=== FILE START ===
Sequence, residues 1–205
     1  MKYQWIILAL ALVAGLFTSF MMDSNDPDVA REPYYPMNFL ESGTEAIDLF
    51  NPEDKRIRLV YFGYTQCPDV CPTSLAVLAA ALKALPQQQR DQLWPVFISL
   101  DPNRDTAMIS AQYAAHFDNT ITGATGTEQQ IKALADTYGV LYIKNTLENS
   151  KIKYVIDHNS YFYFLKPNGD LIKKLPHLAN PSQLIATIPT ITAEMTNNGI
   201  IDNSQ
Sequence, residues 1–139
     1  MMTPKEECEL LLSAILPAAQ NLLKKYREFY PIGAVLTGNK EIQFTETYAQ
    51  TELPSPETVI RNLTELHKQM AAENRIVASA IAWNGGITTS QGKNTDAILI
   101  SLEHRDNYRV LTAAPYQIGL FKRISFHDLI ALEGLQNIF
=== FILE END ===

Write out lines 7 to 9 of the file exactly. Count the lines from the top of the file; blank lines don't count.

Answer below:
Sequence, residues 1–139
     1  MMTPKEECEL LLSAILPAAQ NLLKKYREFY PIGAVLTGNK EIQFTETYAQ
    51  TELPSPETVI RNLTELHKQM AAENRIVASA IAWNGGITTS QGKNTDAILI